Wednesday, August 24, 2011


Many years ago at work I made reference to the Magna Carta. Within mere seconds it became obvious that my colleague didn't have the foggiest idea what that was.
I was flabbergasted. Apparently, because she identified herself as other than American, she had no interest whatsoever in American and English culture, literature, and history. The Magna Carta was just one of those things that 'majority people' found important.
Shakespeare also was unknown to her. Dickens, Maugham, Jefferson, Jackson, Chelsea, Chappaquiddick - ditto.
The list of things of which she had no whit was nearly endless.

I suspect that she wasn't very happy in her 'non-majority' subculture.
The more so as standard English was her first and only language.
She was quite white, by the way. Whitey-white-white.
But very proud to be not like us.

The language you speak determines the broader cultural world to which you belong.

Certainly many Indians are quite Anglo-American - albeit with an irritating tendency to quote from poets like Keats and Shelley to whom we have never exposed ourselves, and a very nasty habit of being blisteringly boring about cricket, which is as silly as baseball but without the hotdogs or the crackerjack.

Philippinos, Canadians, Aussies, Irish, New Zealanders, and many others, are quite at ease using normal U.S. English on a regular basis.
Well, maybe not the Aussies...... but at least some of them are willing to try.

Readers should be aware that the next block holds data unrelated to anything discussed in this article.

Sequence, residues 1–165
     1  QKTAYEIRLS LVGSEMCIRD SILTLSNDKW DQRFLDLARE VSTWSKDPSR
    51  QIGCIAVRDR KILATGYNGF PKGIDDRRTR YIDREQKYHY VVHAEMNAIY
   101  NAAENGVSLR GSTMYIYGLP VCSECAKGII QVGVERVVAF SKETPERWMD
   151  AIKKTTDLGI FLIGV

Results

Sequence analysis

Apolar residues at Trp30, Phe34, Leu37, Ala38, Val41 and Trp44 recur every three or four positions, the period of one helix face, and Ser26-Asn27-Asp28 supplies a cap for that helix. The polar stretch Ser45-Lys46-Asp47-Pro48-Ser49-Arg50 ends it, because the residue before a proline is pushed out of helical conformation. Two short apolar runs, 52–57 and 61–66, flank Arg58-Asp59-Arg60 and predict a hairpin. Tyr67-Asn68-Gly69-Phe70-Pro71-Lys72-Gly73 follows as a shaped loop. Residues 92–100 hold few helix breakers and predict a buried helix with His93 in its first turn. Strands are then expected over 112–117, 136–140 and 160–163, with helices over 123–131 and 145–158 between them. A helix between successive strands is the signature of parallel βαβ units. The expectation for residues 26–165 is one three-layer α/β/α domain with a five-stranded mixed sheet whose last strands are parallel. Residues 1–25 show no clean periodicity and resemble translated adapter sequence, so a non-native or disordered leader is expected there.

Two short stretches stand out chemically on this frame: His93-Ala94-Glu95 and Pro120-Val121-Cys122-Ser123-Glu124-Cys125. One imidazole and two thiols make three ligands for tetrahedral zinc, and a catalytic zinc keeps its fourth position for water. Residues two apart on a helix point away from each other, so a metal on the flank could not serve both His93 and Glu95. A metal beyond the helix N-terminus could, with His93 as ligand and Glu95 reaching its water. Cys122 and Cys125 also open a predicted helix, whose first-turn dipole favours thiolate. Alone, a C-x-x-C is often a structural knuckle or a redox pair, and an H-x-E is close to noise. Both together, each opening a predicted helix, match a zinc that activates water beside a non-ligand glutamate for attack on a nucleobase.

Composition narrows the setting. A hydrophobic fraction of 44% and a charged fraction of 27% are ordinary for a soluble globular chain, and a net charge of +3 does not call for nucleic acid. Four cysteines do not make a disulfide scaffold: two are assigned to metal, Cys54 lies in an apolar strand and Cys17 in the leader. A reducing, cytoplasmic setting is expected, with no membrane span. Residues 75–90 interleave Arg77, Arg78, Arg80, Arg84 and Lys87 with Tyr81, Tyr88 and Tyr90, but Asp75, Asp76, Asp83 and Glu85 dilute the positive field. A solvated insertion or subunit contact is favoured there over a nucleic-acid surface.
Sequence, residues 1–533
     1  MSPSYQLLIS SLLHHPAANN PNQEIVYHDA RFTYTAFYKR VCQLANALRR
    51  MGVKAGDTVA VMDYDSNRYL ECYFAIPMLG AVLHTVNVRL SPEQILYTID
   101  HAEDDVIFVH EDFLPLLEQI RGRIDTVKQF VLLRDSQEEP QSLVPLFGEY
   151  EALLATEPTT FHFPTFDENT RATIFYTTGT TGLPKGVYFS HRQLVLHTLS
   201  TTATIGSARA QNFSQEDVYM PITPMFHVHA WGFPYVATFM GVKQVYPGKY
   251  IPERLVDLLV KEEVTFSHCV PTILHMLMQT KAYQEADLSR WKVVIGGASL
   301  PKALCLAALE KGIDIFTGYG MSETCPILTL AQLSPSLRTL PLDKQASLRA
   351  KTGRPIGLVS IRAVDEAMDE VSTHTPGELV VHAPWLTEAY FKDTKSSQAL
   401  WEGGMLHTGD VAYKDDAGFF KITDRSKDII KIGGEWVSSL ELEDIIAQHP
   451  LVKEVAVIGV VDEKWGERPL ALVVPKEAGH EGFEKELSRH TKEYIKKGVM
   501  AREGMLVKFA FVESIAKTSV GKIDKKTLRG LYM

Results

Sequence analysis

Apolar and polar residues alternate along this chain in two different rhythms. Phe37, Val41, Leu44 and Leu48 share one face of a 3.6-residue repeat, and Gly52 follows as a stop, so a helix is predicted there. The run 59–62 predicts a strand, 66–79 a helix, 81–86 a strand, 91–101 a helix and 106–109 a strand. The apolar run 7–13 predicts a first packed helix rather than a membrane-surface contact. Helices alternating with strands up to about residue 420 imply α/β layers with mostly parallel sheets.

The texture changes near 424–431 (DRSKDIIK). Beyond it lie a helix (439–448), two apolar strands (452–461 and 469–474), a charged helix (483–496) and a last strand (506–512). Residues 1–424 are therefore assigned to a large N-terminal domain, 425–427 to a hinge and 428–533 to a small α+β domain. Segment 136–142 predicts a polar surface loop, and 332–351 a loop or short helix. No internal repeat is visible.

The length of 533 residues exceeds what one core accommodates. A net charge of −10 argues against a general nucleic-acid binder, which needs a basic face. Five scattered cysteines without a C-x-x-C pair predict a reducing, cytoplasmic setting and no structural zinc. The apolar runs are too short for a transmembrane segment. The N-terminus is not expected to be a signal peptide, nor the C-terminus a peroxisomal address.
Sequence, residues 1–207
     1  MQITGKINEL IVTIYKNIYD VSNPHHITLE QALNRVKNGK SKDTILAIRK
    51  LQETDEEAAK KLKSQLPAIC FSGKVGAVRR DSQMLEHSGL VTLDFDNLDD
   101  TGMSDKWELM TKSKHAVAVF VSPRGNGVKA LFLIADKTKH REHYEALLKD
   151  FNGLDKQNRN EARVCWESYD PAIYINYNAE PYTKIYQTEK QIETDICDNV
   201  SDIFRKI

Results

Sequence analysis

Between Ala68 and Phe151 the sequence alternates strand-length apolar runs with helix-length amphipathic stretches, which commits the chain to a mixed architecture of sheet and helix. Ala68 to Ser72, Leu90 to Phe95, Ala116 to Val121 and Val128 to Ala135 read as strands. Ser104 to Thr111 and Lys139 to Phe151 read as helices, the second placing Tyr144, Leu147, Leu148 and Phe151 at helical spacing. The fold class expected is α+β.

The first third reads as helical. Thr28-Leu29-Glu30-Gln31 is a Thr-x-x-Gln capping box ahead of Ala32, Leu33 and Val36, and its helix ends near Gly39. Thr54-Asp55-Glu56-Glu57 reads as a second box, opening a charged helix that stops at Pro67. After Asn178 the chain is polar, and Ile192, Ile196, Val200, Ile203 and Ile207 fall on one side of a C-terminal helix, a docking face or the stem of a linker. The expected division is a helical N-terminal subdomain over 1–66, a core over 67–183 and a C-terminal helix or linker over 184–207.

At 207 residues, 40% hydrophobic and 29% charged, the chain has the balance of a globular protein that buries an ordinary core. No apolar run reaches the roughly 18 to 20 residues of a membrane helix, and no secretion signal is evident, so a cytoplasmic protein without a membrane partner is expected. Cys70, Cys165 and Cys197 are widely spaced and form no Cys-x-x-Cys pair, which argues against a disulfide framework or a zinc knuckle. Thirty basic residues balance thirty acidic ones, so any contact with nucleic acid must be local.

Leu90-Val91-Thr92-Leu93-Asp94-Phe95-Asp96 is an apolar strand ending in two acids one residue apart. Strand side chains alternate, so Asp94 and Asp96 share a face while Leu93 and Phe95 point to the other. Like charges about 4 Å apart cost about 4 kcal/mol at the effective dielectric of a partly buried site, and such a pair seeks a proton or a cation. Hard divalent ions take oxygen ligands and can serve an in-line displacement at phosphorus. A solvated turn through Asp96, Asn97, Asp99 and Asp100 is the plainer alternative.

English-language texts determine our world-view, and colour our perceptions.
If you are NOT a fluent speaker of English, much on my blog makes scant sense at all.
Not that it makes significantly more sense if you are, but there are probably things I have said which only fit for those who speak alike.

My mother never mastered Dutch - a bit of a lacune for someone living in Holland.
Yes, she could speak it after a fashion - but the horrible barbaric dialect of the locals in Valkenswaard was entirely beyond her. To my father and myself it was a mellifluous public and private medium, to her it was nobbut ghastly catscreeching and the sound of someone choking on their own blood.

That is what any language resembles to most non-speakers.


If you cannot understand an iota of any western lingo, the two most beautiful words in English may very well be 'Syphilis' and 'Diarrhoea'.
Indeed so.
But they are probably not suitable as children's names.

What you speak on a daily basis is not necessarily the language of your dreams.
Often I find myself awaking with a foreign tongue in my mouth.
Some languages are more closely associated with tastes, scenes, images, and experiences, than others.

Rendang is imperfectly translated as 'seethed meat', and siu ngaap is not the same as roast duck, even if it is.
But jacht, kaapstander, and bolwerk, though odd, you already know - yacht, capstan, and bulwark as well as boulevard.
Typhoon, ketchup, hurricane, and salsa have already made a full transition into daily speech.

There are locutions in your mother's mother tongue that are just waiting to get a word in edgewise too.

Go ahead - let them enter.

There's plenty of room.

NOTE: Readers may contact me directly:
All correspondence will be kept in confidence.


e-kvetcher said...

>Often I find myself awaking with a foreign tongue in my mouth.

Context is everything in these posts...

lexicologically amphibious said...

"Chlamydia" is another euphonious English word which would probably be inappropriate for naming one's child.

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